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Genetic diversity of maize landraces from lowland and highland agro - ecosystems of Southern South America : implications for the conservation of native resources

Colaborador(es): Bracco, Mariana | Lia, Verónica V | Hernández, J. C | Poggio, Lidia | Gottlieb, Alexandra M.
ISSN: 0003-4746.Tipo de material: Artículos y capítulos. Recurso electrónico.Tema(s): CONSERVATION GENETICS | MAIZE LANDRACES | MICROSATELLITES | NORTHERN ARGENTINA | AGRICULTURAL ECOSYSTEM | AGRICULTURAL LAND | BAYESIAN ANALYSIS | CLUSTER ANALYSIS | CULTIVAR | ENVIRONMENTAL CHANGE | FUNCTIONAL CHANGE | GENETIC MARKER | GENETIC RESOURCE | GENETIC VARIATION | GERMPLASM | LOWLAND ENVIRONMENT | MAIZE | NATIVE SPECIES | POPULATION STRUCTURE | RELATEDNESS | RESOURCE MANAGEMENT | SPECIES CONSERVATION | SPECIES POOL | UPLAND REGION | ARGENTINA | SOUTH AMERICA | ZEA MAYS | Recursos en línea: Haga clic para acceso en línea | LINK AL EDITOR. En: Annals of Applied Biology vol.160, no.3 (2012) p.308-321Resumen: The North of Argentina is one of the southernmost areas of maize landrace cultivation. Two distinct centres of diversity have been distinguished within this region: Northwestern Argentina [NWA], and Northeastern Argentina [NEA]. Nowadays, maize landraces from this area are faced with two main risks. On the one hand, significant structural and functional changes have modified the rural environment with the boundaries of cropland areas experiencing a rapid expansion at the expense of northern natural forests and rangelands; and on the other, native gene pools are increasingly threatened by hybrids and commercial varieties which are more attractive relative to landraces. The first step towards any conservational action is the acquisition of an inclusive knowledge of the biological resources. For this purpose, our study assesses the genetic diversity and population dynamics of maize landraces from Northern Argentina using microsatellite markers. The Northeastern lowland region [NEA] was represented by 12 landraces [19 populations]. In addition, six landraces [eight populations] from the Northwestern highland region [NWA] were used for comparison. For the NEA data set, a total of 126 alleles were found, with an average of 10.5 alleles per locus. Mean H o, H e and R s were 0.350, 0.467 and 2.72, respectively. Global fit to Hardy-Weinberg proportions was observed in 7 of 19 populations. Global estimates of F ST revealed significant differentiation among populations. Bayesian analyses of population structure allowed the recognition of two main gene pools [popcorns versus floury landraces]. When NWA was added to the analysis, three clusters were distinguished: NEA popcorns, NEA flours and NWA racial complexes. Additional information on the relationships among these groups was retrieved from cluster analyses. This study shows that lowland landraces from Northern Argentina harbour considerable levels of genetic diversity, with contributions from different gene pools. Further studies encompassing a larger number of populations from the NEA region will certainly help to detect additional genetic variation, which may prove highly valuable in germplasm conservation and management. Future conservation efforts should focus on preserving NEA popcorns, NEA floury and NWA racial complexes as different management units.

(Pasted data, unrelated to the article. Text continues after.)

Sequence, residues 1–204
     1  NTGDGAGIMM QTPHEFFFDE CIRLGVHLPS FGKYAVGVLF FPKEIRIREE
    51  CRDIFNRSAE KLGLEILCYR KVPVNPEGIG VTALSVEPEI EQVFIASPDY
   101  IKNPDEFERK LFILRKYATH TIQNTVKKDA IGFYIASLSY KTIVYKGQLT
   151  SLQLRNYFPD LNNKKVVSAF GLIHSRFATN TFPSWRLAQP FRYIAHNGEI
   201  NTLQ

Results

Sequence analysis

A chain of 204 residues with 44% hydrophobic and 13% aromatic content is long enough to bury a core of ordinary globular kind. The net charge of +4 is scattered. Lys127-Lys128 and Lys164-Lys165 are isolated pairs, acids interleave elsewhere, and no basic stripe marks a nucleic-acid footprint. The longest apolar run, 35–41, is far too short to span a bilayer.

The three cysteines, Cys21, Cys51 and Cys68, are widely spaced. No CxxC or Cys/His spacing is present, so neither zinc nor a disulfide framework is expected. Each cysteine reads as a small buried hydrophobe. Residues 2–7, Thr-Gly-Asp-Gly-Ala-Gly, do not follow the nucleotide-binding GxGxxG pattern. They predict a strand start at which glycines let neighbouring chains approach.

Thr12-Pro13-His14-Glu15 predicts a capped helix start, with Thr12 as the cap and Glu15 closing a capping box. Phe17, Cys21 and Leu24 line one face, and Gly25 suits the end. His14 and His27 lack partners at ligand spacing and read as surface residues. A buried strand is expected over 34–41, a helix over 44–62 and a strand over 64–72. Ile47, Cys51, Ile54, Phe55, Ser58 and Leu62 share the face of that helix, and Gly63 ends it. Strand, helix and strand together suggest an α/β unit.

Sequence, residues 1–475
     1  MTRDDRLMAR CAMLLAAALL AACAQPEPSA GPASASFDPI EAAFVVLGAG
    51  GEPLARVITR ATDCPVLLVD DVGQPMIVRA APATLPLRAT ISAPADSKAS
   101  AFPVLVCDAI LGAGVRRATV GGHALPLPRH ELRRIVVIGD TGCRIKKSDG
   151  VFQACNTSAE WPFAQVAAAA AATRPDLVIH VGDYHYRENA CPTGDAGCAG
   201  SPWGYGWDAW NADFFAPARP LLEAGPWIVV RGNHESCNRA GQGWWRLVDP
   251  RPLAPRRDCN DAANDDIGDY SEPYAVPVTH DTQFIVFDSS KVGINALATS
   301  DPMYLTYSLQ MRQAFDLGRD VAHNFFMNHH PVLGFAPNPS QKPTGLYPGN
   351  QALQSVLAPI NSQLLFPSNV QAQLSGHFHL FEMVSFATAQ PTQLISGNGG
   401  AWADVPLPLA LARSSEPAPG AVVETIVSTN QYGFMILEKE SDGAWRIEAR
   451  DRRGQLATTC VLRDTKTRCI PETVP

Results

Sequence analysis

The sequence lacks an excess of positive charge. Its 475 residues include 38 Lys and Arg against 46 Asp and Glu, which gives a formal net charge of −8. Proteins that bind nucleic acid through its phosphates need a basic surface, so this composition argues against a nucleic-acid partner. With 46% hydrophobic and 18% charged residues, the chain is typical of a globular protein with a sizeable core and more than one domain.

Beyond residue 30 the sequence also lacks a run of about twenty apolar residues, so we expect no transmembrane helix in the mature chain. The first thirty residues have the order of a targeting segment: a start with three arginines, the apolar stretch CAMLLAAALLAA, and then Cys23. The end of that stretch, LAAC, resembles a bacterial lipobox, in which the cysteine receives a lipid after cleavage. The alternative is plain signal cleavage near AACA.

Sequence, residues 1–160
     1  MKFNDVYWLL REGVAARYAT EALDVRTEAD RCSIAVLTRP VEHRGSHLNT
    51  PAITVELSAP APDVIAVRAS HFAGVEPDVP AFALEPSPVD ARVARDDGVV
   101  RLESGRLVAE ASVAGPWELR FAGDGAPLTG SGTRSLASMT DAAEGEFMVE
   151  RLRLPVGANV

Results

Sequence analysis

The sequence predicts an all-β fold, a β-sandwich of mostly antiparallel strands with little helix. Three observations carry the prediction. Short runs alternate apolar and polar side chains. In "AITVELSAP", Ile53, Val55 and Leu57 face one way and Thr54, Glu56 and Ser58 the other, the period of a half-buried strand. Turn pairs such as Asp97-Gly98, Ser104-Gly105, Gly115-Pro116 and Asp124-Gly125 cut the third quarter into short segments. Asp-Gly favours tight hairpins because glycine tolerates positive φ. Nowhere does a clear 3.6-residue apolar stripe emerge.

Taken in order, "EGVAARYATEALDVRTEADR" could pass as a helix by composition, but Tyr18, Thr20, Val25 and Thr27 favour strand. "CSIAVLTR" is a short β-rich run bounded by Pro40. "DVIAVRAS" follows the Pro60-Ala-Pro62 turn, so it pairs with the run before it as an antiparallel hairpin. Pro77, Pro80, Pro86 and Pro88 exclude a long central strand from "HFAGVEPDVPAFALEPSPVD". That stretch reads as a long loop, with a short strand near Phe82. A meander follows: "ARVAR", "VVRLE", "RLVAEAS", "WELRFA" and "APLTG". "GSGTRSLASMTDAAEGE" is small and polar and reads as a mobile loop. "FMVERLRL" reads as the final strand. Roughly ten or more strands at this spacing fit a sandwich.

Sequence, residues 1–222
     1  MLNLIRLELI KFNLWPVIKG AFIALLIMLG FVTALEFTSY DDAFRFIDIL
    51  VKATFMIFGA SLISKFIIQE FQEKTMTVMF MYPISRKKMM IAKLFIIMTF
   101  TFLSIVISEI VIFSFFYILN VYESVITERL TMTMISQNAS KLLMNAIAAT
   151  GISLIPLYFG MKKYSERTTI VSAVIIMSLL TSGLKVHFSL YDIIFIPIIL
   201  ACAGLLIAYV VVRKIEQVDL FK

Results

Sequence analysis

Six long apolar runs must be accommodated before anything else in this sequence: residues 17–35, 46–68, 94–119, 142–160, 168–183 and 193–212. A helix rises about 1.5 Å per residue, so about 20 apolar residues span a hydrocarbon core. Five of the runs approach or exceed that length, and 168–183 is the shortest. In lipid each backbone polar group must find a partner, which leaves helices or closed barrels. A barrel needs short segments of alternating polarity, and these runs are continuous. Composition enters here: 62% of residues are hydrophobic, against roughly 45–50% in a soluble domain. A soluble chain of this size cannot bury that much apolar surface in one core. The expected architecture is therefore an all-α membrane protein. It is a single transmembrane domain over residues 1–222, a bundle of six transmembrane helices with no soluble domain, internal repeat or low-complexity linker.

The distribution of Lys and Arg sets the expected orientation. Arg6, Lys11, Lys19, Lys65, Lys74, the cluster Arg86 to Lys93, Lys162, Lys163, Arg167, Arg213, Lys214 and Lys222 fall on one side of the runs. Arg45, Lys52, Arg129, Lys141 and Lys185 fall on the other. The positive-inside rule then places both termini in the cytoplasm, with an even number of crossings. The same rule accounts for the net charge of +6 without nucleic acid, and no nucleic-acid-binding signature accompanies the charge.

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The North of Argentina is one of the southernmost areas of maize landrace cultivation. Two distinct centres of diversity have been distinguished within this region: Northwestern Argentina [NWA], and Northeastern Argentina [NEA]. Nowadays, maize landraces from this area are faced with two main risks. On the one hand, significant structural and functional changes have modified the rural environment with the boundaries of cropland areas experiencing a rapid expansion at the expense of northern natural forests and rangelands; and on the other, native gene pools are increasingly threatened by hybrids and commercial varieties which are more attractive relative to landraces. The first step towards any conservational action is the acquisition of an inclusive knowledge of the biological resources. For this purpose, our study assesses the genetic diversity and population dynamics of maize landraces from Northern Argentina using microsatellite markers. The Northeastern lowland region [NEA] was represented by 12 landraces [19 populations]. In addition, six landraces [eight populations] from the Northwestern highland region [NWA] were used for comparison. For the NEA data set, a total of 126 alleles were found, with an average of 10.5 alleles per locus. Mean H o, H e and R s were 0.350, 0.467 and 2.72, respectively. Global fit to Hardy-Weinberg proportions was observed in 7 of 19 populations. Global estimates of F ST revealed significant differentiation among populations. Bayesian analyses of population structure allowed the recognition of two main gene pools [popcorns versus floury landraces]. When NWA was added to the analysis, three clusters were distinguished: NEA popcorns, NEA flours and NWA racial complexes. Additional information on the relationships among these groups was retrieved from cluster analyses. This study shows that lowland landraces from Northern Argentina harbour considerable levels of genetic diversity, with contributions from different gene pools. Further studies encompassing a larger number of populations from the NEA region will certainly help to detect additional genetic variation, which may prove highly valuable in germplasm conservation and management. Future conservation efforts should focus on preserving NEA popcorns, NEA floury and NWA racial complexes as different management units.

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